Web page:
I feel capable to speak only your first question, “Why is an Orthodox bishop being sent to a RC organization to be evaluated?” and suggest it is an “unhelpful” question. The better question, in my opinion, is why did Met. Jonah agree to “being sent to a RC organization to be evaluated?” His answer: “I have chosen to do this out love for you, the people of the Church, and for my brother bishops.”

                      What point to continually stirring the waters?

                    • David Yentzen says

                      Mr M. S.,
                      Thank you for your thoughtful reply. Indeed, you have pointed to the most important question of “why”. I suspect that Met. agreed to such an arrangement based on “washing the feet” principle—-it may be his attempt at attaining the kind of leadership that our Lord, himself, instituted.
                      I think that any admin. inexperienced man inheriting an organization such as he did would find himself misstepping on occasion. I could easily live with this style of leadership being coupled with strong spirituality.
                      Not to continue to stir the waters but, excuse me, where can we find and encourage more spiritually strong men to lead this young and inexperienced American Church…..missteps and all?

                    • Bishop Tikhon (Fitzgerald) says

                      M S. is quite right in his views on the use of an RC facility.
                      I sent Bishop Benjamin to an RC facility because there are NO Orthodox faciities with a national reputation and the respect of a wide range of “experts in the field.” For example, Bishop Nikolai (Soraich), when I first met him, supported himself and his parish be being in charge of a substance abuse clinic run by the Presbyterian for teenagers. When we learned that Fr. Tosi was in the process of bailing Bishop Benjamin out of the drunk tank, I consulted with Protopresbyter Rodion S. Kondratick who recommended a well-known rehab center for alcholics on the East coast, run by Catholics, at which Metropolltan Theodosius and Matushka Kucynda had received evaluation and appropriate therapies. When I got back with Bshop Nikolai and told him of it, he said, “The place is one of the top two or three in the country.”
                      Now, it’s true, there are clergy in the OCA that flaunt psychological credentials galore, but you wouldn’t want them near anyone you held dear. They are the type who make a diagnosis by observing someone on tv or hearing anecdotes from acquaintances and friends. One of those did a long-distance psychological evaluation of Bishop Nikolai for Archbishop Job et al and determined he was a classical example of narcissistic disorder. That diagnosis, based solely on anecdotal behavior was widely bruited (but mainly on Mrs. Steve Brown’s blog) as a “professional analysis proving the issues facing Alaska.” Since then we’ve often heard, “And don’t forget Father A’s professional (sic) diagnosis!” No, no, give me a NON-Orthodox treatment/evalutation center wherever the welfare of an American Orthodox bishop is concerned: the Orthodox in America are too much like a dangerous small town. Did I miss something or did George lump Protopresbyter Hopko with intellectuals, i.e., Frs. Schmeman and Meyendorff. What an idea! Please!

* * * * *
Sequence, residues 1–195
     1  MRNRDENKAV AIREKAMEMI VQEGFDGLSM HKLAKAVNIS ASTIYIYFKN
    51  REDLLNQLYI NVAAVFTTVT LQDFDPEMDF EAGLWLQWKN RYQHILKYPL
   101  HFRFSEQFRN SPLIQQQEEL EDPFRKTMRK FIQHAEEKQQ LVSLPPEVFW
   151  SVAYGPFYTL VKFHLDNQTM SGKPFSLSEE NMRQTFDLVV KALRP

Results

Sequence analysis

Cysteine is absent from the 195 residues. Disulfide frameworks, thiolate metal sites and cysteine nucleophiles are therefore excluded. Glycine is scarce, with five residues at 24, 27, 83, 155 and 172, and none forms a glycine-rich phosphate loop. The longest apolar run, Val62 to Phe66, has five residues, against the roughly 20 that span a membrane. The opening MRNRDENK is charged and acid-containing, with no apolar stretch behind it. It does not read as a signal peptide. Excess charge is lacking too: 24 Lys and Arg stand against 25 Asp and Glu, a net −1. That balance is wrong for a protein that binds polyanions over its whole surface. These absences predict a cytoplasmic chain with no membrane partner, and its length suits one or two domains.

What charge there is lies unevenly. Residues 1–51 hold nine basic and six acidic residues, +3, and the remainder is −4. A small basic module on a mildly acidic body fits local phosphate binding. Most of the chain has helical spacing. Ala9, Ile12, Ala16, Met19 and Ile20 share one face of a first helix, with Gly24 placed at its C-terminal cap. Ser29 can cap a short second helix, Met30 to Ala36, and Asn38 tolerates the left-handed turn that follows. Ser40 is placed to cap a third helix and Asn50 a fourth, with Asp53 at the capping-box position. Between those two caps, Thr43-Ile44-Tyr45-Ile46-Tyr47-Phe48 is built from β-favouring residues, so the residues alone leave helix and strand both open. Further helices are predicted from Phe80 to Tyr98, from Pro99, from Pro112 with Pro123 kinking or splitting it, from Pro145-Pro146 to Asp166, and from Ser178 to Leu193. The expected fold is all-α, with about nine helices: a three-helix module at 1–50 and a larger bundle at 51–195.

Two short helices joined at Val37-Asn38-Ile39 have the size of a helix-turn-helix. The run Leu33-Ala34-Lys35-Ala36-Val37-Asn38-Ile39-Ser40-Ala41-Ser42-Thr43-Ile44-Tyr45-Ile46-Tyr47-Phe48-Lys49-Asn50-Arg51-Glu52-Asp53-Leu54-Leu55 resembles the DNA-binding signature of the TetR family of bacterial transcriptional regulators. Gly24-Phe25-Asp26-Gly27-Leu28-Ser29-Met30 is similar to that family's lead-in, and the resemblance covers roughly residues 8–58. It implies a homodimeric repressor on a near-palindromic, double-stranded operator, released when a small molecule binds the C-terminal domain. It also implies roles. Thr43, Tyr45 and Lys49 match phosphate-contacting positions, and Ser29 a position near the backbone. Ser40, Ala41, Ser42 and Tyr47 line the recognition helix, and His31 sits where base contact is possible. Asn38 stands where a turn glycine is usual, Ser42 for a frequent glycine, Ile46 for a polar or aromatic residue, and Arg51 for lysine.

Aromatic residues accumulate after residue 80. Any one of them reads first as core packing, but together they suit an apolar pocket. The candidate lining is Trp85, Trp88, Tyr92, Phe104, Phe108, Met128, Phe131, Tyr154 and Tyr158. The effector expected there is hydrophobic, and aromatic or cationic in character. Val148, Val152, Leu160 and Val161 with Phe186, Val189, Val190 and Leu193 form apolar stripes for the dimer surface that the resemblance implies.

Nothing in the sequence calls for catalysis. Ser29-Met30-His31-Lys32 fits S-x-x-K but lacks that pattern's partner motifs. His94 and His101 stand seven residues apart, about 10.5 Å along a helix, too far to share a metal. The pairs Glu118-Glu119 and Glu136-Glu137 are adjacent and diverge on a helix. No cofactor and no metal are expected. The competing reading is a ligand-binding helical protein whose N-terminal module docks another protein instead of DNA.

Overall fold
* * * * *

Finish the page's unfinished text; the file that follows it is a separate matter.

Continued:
• MS: And my kids went in their early years to schools run by well educated RC nuns. But this isn’t about education or treating a painful knee, is it? The one thing the RCC is the worst at is clergy sexual misconduct. Not one institution in the USA with a worse reputation. And this place is lead by clergy accountable as such overseas, not doctors only. So, there’s a serious qualitative difference. Johns Hopkins is right there in Baltimore. Nearly the best in every single field there is. Not good enough, though, eh?

                    • M. Stankovich says

                      Mr. Coin,

                      I presume you are speaking to me (MS)?

                      You are attempting to, again, “answer” objective questions with subjective answers. It seems to me Mr. Banescu has offered his opinion in regard to services provided by Johns Hopkins that might be of interest to you.

                      What I said is no one has, to the best of my knowledge, proffered a philosophy or course of treatment that is more effective at preventing repeat acts of predatory child sexual abuse than jail – and I have actually taken the time to read Johns Hopkins’ treatment philosophy. What does Mr. Banescu’s or my opinion say as to the overall “effectiveness” of any services received at Johns Hopkins? Nothing. Your application of this criterion is inappropriate and unhelpful.

                      I have received no call for my consultation – and a venture out on a limb here – and I suspect neither have you. Powerlessness, while uncomfortable, is as stressful as we choose to make it.

                    • Stankovich, why are you dodging my question? Why do you have a gay icon on your website?

    • Gee, Rod. I thought you were above this type of journalism. I am not just disappointed, but as an Orthodox Christian, I am disillusioned.

      I’ve been reading your work for years. When I heard a rumour that you were “Anonymous” at, I couldn’t believe it. I thought you were above such pettiness as publishing in such mean-spirited tones. Perhaps I was wrong.

      I guess I shouldn’t be so naive… my bad. But at the end of the day, there is little here that points me to Christ or that brings beauty to His Bride. And that deeply saddens me…it’s like so much of the world in which we all live, where ugliness and pettiness, in the form of the ad hominem is somehow elevated and heralded as “educated’ and “sophisticated”. Talk about elite…y’all sound like Fox News! 🙂